As he travelled, he had to be able to exactly classify every animal on Earth, instantly. This science is known as systematics, and is one dimension of biology. He studied it thoroughly, not only in books but in the field, with a method acquired during his years as a notary. Once he had a satisfactory collection, he began showing it around Québec. Every time he exhibited his work, it met with astounding success. These presentations were the first steps toward his insectarium. He very quickly saw that the museology of insects was poorly designed.
“People set insects in uninspiring immobile poses, with no texts, no explanations, no links with their surroundings. I created huge thematic displays. I showed them to people and watched how they reacted. It didn’t take me long to understand that everything was too high up, too small. They had to lift their children up to show them the insects. I told myself that the whole museological approach had to be changed.” Rather than modelling his approach on other peoples’ ideas, Georges invented a new kind of museology.
Founding an Insectarium with public support
Once Georges had enough specimens to stock an insectarium, he made an appointment with Montréal Mayor Jean Drapeau. He donated his fabulous collection of nearly 250,000 specimens from over 100 countries to the city. The city suddenly found itself with all the basic insects it needed to create an insectarium. Mayor Drapeau gave the project his blessing and introduced Georges to Pierre Bourque, director of the Botanical Garden. Mr. Bourque instantly subscribed to the idea. The director of the Botanical Garden couldn’t believe it: Notary Georges Brossard was putting on exhibitions that attracted 75,000 visitors. He jumped at the opportunity.
Things just snowballed from there. The municipality granted him one of the choicest properties in the city, across from the Olympic Stadium and next to the Botanical Garden. It gave him all the architects, planners and technical support he needed. Funding flooded in from the different government departments involved. Donations, too. In one year, he raised $5 million.
“But I wanted the Insectarium to be financed by regular Montrealers,” he says. “That’s when I got the idea of a fund-raising campaign, through the Montréal Botanical Garden.”
“It’s such a source of pride to be able to say that the Insectarium was the brainchild of one man, that it was also born of the interest shown by a city, the Botanical Garden and government departments, but especially thanks to the interest shown by ordinary people.” Along with this permanent exhibition, the new Insectarium will offer an insect identification service for the public. You can turn up at the Insectarium with an insect, and they’ll identify it for you. We will bring together the world’s most beautiful insects and present them in a special, beautiful, interesting and often artistic way, with explanations in French and English. Instead of hanging on the walls, they will be shown in glass cubes, at children’s eye level. The museological approach is designed to appeal to everyone.”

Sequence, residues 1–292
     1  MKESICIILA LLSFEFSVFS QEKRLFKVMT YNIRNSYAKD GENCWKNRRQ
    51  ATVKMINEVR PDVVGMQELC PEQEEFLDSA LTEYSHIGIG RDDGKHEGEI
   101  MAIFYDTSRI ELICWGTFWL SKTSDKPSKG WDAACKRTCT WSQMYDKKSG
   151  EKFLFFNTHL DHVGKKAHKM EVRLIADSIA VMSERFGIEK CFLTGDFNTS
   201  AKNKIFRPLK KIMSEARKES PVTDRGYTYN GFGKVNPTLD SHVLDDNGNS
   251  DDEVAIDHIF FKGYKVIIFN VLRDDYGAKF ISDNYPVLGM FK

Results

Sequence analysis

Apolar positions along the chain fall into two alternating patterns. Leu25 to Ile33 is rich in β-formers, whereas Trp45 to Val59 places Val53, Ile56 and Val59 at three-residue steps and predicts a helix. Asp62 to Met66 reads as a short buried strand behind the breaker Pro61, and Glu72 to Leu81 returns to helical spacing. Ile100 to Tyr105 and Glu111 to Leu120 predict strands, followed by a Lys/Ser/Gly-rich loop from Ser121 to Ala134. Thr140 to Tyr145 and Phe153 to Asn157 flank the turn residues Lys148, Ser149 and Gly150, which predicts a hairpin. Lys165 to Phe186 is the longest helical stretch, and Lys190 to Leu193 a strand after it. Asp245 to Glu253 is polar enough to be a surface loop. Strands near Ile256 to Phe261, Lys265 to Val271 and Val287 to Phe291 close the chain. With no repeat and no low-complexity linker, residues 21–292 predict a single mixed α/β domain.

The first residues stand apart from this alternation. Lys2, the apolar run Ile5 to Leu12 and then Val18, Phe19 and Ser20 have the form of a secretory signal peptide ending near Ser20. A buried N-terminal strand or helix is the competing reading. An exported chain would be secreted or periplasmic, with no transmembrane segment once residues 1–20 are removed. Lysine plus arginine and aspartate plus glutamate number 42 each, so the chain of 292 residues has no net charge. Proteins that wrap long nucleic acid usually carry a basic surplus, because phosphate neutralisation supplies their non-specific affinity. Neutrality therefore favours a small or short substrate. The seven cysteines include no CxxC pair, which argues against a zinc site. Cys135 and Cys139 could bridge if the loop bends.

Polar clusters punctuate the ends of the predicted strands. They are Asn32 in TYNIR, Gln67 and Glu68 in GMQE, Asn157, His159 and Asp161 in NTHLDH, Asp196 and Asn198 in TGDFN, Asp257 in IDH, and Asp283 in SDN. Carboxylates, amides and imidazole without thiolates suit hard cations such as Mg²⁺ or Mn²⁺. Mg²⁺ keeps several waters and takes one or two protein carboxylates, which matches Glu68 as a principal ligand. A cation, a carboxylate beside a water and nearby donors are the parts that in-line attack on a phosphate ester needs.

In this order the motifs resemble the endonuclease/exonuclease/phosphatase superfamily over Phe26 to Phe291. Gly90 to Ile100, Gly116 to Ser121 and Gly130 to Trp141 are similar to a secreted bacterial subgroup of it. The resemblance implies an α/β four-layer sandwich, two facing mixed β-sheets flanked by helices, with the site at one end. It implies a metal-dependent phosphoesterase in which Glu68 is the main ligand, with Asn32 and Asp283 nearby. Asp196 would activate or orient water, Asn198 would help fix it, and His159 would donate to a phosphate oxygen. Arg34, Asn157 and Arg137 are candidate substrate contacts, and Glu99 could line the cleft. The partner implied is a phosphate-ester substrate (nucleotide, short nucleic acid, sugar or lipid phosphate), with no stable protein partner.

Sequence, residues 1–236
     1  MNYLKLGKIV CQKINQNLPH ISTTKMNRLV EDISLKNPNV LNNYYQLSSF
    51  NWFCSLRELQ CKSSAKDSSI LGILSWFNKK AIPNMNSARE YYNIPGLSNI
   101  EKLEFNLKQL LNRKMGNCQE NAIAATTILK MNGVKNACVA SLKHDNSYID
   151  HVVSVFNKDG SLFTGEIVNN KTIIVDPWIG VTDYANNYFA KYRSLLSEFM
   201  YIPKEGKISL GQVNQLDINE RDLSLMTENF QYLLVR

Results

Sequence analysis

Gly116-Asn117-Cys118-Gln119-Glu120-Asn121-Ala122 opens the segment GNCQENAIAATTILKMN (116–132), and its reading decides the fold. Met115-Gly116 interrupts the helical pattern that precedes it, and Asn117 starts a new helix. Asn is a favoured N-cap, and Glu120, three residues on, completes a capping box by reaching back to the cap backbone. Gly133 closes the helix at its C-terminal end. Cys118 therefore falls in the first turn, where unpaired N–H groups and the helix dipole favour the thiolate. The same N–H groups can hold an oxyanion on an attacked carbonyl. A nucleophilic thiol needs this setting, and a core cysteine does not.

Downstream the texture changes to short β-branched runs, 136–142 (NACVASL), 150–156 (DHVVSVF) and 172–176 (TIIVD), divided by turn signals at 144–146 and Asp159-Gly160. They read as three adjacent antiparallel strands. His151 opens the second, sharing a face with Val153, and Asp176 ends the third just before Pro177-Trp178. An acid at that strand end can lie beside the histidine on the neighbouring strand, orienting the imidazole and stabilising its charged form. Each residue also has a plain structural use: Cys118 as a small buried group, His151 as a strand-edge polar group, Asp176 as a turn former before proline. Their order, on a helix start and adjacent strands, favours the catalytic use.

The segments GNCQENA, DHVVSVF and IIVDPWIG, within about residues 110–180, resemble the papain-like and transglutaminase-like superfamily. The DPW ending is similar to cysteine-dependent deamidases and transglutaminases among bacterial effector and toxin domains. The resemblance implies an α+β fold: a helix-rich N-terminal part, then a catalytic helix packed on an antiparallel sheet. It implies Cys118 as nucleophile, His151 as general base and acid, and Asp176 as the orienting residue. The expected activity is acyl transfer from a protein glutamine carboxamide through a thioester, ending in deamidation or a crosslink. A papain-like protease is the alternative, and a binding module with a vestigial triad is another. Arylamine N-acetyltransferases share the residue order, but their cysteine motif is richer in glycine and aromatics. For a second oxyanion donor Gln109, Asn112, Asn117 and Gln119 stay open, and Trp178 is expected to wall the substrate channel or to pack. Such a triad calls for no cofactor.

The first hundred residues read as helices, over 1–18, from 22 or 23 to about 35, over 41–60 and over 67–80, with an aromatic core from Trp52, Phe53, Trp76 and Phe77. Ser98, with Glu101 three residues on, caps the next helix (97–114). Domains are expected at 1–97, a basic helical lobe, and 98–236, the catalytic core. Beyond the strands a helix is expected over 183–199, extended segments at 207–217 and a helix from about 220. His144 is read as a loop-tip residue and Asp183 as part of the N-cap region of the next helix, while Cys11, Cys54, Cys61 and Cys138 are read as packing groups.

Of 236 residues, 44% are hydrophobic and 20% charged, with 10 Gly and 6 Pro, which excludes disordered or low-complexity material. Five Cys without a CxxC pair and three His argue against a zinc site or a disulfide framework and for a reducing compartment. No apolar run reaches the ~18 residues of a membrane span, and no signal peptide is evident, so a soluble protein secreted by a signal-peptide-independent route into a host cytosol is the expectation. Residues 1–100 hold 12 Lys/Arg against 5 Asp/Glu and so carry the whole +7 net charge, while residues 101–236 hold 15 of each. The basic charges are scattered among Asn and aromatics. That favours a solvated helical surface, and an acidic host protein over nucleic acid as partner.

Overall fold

“They knew they were dealing with a notary”
Georges Brossard is a great entomologist. But he is also a notary, and that side of his character shone through in his meetings with politicians and administrators.
“I have ideas. I know how to formulate them and write them down. I can write a speech. I can put together very good briefs. They knew very well that they were dealing with a notary. It’s not something you’re born with, it’s an acquired skill.”
The educational dimension
“I started doing this for my own personal enjoyment, but now I have developed a wider conscience. The coming decades will be devoted to the environment. We have done more damage to our environment in the past 60 years than in the previous 6,000. Our children are going to tell us ‘Dad, Mom, it’s horrible! The world has become barely viable. You’ve emptied all the mines and stripped the forests, and what’s more, you’ve left us billions of dollars in debt!’
“But take a school-age child, the adult of tomorrow, and ask him about natural science. Everything is just a ‘bug’ these days. They can’t identify orders or classes. And this is the kind of person who is supposed to fix the environment? He’s going to solve the all the problems? He’s going to have to do a lot of guesswork, then, because he doesn’t have the basic knowledge.
"School is where you learn the basics. I figure that a big institution that will make young people and adults aware of the insect world will have an ecological and environmental impact. We’ll make them better citizens, interested in reducing pollution, less ready to use insecticides and herbicides to keep their lawns nice. At some point we have to put a stop to all these destructive, polluting habits. And this is what my Insectarium will teach them.”